I just want to make clear to the moderates of the Republican Party that this was passed by the Legislature and signed by Gov. Sam Brownback, many people voted back into office.
These are the same guys who rule over the rights of privacy for a woman and who are more threatened by two consenting taxpaying adults of the same gender having full legal rights than the failing education and health of our citizens.
Missouri has its Republican legislature with the “I’m not an anti-Semite” GOP leader and which can’t see the need to raise taxes on cigarettes or say no to a lobbyist’s gift.
See no evil, hear no evil and vote in lockstep.
Kansas City, Kan.
Say no to Rubio
In Sen. Marco Rubio’s presidential-run proclamation, he says he is leading a younger generation of leaders who are going to lead the way to a new American century (4-14, A2, “‘Time ... for our generation’”). But his thinking isn’t new.
In fact, these are the same old GOP ideals that have put America in dire straits.
But thanks to President Barack Obama, we are in a slow and much-needed recovery and comeback.
Rubio voted no to stem cell research, no to the renewal of the Violence Against Women Act, no to equal pay for women, no to the Bring Jobs Home bill and no to the Paycheck Fairness Act.
But he says yes to Hobby Lobby and its power over women in its workplace, concerning birth control. And he said yes to bills that take away women’s rights to choose and restrict them on other personal abortion issues.
But Rubio says he isn’t a chauvinist and doesn’t want gays adopting children. That says we are never going back.
Rubio, you are trying to take women back 100 years, when they had no voice. The Supreme Court says gays may marry legally now; you say no.
Discrimination has never taken America forward.
Student-loan debt is crippling many of our young, and there are hundreds of for-profit schools, many of which have dubious credentials and exist simply to lure customers and make profits. We spend more on prisons than on schools.
Among the top 15 countries by military expenditures, we spend as much as the other 14 combined according to one study. Poverty and the lack of health care are embarrassingly high in the U.S.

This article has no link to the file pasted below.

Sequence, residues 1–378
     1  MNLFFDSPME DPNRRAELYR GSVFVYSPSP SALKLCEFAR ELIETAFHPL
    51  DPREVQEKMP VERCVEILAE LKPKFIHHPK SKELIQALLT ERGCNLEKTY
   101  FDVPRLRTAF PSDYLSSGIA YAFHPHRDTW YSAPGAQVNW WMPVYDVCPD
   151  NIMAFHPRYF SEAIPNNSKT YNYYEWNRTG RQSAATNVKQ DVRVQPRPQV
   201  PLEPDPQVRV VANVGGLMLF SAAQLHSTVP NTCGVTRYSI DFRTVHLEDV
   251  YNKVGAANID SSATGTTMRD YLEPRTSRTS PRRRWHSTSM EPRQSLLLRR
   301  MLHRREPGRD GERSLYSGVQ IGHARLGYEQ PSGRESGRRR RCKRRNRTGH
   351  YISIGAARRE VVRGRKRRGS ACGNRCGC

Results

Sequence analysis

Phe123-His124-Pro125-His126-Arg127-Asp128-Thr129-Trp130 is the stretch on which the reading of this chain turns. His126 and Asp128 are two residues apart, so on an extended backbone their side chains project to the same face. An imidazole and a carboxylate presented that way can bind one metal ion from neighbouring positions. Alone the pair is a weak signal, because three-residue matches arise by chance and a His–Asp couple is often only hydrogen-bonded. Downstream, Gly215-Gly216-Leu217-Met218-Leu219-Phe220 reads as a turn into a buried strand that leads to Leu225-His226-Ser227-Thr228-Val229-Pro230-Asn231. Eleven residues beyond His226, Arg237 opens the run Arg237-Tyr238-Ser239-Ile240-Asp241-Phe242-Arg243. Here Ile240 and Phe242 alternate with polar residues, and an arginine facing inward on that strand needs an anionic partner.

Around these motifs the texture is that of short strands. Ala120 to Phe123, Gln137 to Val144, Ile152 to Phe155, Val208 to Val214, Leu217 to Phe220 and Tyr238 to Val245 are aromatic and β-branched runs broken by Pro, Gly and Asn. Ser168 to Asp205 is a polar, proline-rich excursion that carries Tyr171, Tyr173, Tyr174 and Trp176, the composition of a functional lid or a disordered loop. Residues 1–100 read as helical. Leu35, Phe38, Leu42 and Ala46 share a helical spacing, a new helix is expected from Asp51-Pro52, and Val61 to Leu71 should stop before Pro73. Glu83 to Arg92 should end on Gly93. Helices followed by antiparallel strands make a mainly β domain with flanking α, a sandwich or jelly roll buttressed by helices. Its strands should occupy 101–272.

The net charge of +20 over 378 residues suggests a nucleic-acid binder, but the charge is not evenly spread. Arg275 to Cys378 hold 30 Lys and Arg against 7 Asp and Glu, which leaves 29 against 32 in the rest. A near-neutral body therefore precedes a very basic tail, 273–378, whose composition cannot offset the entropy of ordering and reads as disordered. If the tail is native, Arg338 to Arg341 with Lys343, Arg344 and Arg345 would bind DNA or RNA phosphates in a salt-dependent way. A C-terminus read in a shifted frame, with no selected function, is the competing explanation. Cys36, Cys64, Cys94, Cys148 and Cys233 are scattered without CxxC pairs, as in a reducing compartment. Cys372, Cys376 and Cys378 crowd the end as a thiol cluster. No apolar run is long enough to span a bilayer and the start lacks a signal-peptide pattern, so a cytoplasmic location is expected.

Racial troubles abound. The moneyed class owns most of our politicians.
To say that we are in need of some soul-searching is a gross understatement. I love this country as much as anyone else, but I believe we need to do internal housecleaning before we rant and rave about other countries and what they need to do.
Before we focus on the splinter in the eye of the other, we should remove the log from our own eye.
I believe the real promise of America will not materialize until we dispense with this current phase of foolish arrogance, shameless greed and bellicose posturing.
Real leadership is by good example, not threats.
As a conservative Republican, I certainly agree that too many black-white assaults take place, and we need to do everything possible to stop them (4-14, Commentary, “Is police killing an ‘isolated incident’?”).
I, however, take offense at Leonard Pitts calling conservatives immune to recognizing racism.
Racism is more prevalent now than 60 years ago when I left school and entered the workforce. I see it everywhere, whites versus blacks and blacks versus whites.
I don’t know why and don’t have solutions. I only know that Leonard Pitts and extremists on both sides paint all opponents with the same brush, and that does not help.
If I were a jihadist, I would thank Charles Krauthammer profusely for his continual predictions of upcoming bloody attacks. It’s nice to be able to spread terror while exerting little effort.
I have to put up with his predictions until the next attack occurs and he can proclaim that he was right all along.